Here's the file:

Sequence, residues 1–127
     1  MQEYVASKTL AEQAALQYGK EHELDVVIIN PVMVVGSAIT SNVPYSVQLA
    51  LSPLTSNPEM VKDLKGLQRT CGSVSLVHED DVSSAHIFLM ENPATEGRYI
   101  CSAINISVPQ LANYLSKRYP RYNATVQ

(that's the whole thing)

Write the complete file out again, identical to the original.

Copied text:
Sequence, residues 1–127
     1  MQEYVASKTL AEQAALQYGK EHELDVVIIN PVMVVGSAIT SNVPYSVQLA
    51  LSPLTSNPEM VKDLKGLQRT CGSVSLVHED DVSSAHIFLM ENPATEGRYI
   101  CSAINISVPQ LANYLSKRYP RYNATVQ